Chile Chile Bang Bang: Genuine Sommantics


It’s all fun and games until some somms wage a Wine Bar War.

Wine Bar War is in all caps because it’s an event sanctioned by Wines of Chile, and it has sparked some serious competitive spirit amongst Miami’s top sommeliers.  They’re going at it tomorrow night split into four mixed teams – teamwork across restaurants is essential – to bring Chile to Miami through wine, food and design.  At stake, a premium business class trip to Chile for the winning team to experience the best Chile has to offer courtesy of Turismo Chile and LAN Chile.  So what’s the task?  Physically erect a wine bar in one day and build a solid list to win over judges and guests, choosing from among the best producers this Andes-hedged, 2672 mile coastal strip of South American real estate has to offer.  As Team Ungrafted Wine Bar approaches Thursday’s Chilean rumble, Captain Amanda Fraga‘s strategizing has been long underway as she juggles her day/night job as sommelier of Michael’s Genuine Food & Drink.  For Amanda, “Wine Bar Wars is about bringing sommeliers, consumers, trade to an event so they can learn what Chilean wines are all about.”  Quite a way to make an impression!

We’ve got two dogs in this fight – Amanda and her boss, TGHG Wine Director, Eric Larkee. Needless to say, there has been some intra-company trash talk. Amanda’s team is Ungrafted, and Larkee’s is Natural Roots. Amanda is joined by Chris Zarcadoolas of Scarpetta, Cindy Woodman from Café Boulud and Josh Mesnik of Market 17. Natural Roots is headed up by Brian Grandison from Hakkasan, and teaming up with Larkee are Danny Toral from 50 Eggs and Kirsta Grauberger of Market 17 and Day Market Kitchen. So aside from a trip to Chile, there are bragging rights on the line!

Amanda and her team chose the name “Ungrafted” to highlight something uniquely Chilean, the original root stalks. She explains, “in Chile they do not graft the vine into a specific root stalk. Chile, being boarded by The Andes and the ocean, is in prime ungrafting real estate. Which is different from the other main wine growing countries around the world, like France and Spain.” Larkee had a similar idea, and his team, Natural Roots, refers to the same concept. Larkee says, “Chilean wines are grown on their own root stalks, their natural root stalks. This can get kind of wine wonky, talking about this, but basically this is all due to a bug called phyllorxia. They are a menace and in most of the world, grape vines have to be grafted onto phyllorxia-resistant root stalks in order to thrive. But Chile is an agricultural island, it is isolated from the rest of the world and hasn’t suffered this infection.” Therefore, Chilean vines are grown on their original root stalks and grapes are produced with no varietal cross over.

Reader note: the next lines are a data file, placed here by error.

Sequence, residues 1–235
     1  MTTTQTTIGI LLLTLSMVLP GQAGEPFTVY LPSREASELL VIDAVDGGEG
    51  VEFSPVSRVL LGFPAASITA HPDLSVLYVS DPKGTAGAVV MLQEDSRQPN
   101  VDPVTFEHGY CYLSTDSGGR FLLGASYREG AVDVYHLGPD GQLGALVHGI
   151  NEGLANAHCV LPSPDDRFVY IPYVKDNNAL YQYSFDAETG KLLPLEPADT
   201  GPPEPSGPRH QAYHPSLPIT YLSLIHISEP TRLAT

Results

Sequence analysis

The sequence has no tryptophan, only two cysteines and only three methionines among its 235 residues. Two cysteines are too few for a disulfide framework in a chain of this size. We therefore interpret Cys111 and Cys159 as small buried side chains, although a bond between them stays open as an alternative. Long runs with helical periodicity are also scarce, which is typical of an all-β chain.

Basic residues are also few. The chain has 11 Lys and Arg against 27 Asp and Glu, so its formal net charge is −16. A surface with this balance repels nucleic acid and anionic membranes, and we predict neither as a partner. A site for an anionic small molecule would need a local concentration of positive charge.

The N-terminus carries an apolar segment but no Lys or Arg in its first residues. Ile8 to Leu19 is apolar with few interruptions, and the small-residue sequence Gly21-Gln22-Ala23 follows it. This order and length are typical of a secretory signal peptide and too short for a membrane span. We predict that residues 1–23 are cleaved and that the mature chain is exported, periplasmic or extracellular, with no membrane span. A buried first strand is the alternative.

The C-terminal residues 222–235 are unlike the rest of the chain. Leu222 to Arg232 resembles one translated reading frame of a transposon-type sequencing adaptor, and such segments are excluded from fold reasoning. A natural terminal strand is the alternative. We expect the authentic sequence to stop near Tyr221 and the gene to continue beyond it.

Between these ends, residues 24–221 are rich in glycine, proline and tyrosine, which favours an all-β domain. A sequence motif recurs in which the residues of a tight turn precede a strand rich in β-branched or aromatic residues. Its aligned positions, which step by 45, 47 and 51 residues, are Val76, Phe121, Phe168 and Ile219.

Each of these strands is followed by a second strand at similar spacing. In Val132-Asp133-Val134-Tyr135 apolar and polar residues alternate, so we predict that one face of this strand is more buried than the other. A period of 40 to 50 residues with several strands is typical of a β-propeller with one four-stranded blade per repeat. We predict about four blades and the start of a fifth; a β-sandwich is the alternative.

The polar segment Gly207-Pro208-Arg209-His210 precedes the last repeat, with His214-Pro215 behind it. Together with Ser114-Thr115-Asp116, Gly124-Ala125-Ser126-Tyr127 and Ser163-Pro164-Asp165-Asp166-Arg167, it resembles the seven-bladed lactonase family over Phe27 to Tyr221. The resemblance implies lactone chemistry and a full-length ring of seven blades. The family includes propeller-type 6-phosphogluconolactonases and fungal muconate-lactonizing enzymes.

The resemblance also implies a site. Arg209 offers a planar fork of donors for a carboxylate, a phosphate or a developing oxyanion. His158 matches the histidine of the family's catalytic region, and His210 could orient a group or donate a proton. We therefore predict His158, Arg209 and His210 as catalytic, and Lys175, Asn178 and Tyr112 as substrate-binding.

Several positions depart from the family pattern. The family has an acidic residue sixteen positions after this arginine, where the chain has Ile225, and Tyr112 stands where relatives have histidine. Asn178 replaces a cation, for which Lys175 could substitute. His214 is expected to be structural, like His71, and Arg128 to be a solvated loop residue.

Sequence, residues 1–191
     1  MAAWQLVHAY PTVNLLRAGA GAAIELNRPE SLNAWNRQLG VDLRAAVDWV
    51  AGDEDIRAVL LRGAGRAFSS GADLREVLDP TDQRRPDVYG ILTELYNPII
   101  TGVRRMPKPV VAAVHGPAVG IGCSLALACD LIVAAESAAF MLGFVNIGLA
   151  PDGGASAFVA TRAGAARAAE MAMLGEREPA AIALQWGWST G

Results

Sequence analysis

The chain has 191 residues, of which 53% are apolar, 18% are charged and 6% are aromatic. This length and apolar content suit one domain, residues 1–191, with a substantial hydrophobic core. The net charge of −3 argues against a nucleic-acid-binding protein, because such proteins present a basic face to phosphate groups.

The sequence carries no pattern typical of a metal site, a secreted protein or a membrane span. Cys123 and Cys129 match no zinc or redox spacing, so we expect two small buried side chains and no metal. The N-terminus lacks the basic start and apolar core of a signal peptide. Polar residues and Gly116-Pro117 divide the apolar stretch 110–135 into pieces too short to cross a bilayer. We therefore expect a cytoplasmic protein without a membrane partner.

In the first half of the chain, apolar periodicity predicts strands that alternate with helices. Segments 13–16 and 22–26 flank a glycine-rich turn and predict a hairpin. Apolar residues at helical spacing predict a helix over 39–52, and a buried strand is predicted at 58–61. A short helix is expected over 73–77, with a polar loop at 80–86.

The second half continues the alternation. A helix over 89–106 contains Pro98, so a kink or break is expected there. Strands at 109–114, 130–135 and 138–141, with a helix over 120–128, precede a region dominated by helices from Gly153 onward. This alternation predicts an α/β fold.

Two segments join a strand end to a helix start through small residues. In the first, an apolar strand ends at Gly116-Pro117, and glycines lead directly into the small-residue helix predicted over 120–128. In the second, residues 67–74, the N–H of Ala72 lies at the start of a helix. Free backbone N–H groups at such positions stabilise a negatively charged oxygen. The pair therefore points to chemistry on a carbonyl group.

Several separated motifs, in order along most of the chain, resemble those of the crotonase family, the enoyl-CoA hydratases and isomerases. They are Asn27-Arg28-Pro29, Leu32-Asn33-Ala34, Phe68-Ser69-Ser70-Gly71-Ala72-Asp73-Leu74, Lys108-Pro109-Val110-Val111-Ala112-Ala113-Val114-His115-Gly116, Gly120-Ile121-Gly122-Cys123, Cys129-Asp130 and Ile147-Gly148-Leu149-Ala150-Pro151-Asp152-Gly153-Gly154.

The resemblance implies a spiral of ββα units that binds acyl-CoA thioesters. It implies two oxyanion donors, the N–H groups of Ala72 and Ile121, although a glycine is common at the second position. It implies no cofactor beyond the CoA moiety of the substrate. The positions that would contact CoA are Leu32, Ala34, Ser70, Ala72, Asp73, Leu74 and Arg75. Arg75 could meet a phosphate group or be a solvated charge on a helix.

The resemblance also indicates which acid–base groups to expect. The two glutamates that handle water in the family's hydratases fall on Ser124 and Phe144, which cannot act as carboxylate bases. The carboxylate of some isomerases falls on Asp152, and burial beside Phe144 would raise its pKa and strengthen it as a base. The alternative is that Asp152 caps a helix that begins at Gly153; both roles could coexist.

Around the time Amanda started at Michael’s Genuine Food & Drink, Eric had remastered the wine list. He did not change the guiding principals, but he did make it more user-friendly.  For TGHG, there are two primary objectives to a wine list: 1. Provide an enjoyable experience for guests and 2. Be profitable for the business as a whole. Larkee says, “most of the other important things, like showcasing a variety of regions, or small producers all loop back in with the primary goals.”  Presentation is key. There are slightly fewer options, giving more room for explanations; the font is bigger, larger spaces between words, all aesthetically contributing to the guest experience. Larkee and Amanda agree that where they can really shine is through the By The Glass list. Amanda says, “guests are more comfortable buying one glass of something they’ve never tried rather than an entire bottle. It’s less of a commitment and, most importantly, well priced so people are more inclined to try something new.” Larkee calls the BTG list his tool belt, “this is the only way we can contribute to the dishes. Our wines by the glass allow you to find something that pairs well with the octopus and something for the braised beef tongue special without stiffing half the table.”

Amanda’s service experience at MGFD is what may give her team an edge at tomorrow’s competition.  Cozy neighborhood atmosphere as a backdrop, Michael’s Genuine Food & Drink is a destination for culinary risk takers and curious palettes.  She says, “People are interested in trying new wine, and they actually want to talk to me! They are going to ask questions, and I am going to teach them something new. This makes great practice for wine bar wars, talking to guests about grape varietals, regions, etc. on the floor each night is sure to help me win over the attendees.”


Hondarrabi Zuriaidura, Getariako Txakolina, Spain 2013. Summer’s wine!

So after the wine bar war dust has settled on Friday, what can we expect from MGFD’s wine list this summer? Larkee and Amanda immediately answered “Txakolina!” Pronounced like chocolate, this Spanish “backyard pounder” as Larkee refers to it, is sour, a little spritzy and has the bite of a green apple. But as Larkee also points out, “we go from hot to freaking hot. Maybe some people put down the Malbec for the summer and drink some rose. But our sales of fresh, crisp white, are great all year.”

What can we say about our dueling sommeliers? First, good luck! Second, it’s a very good thing you’re on separate teams because who would work the floor if you BOTH go to Chile! Get your tickets before tomorrow at 7:00 p.m. through Gilt City and you and a companion may be riding shotgun with the winners.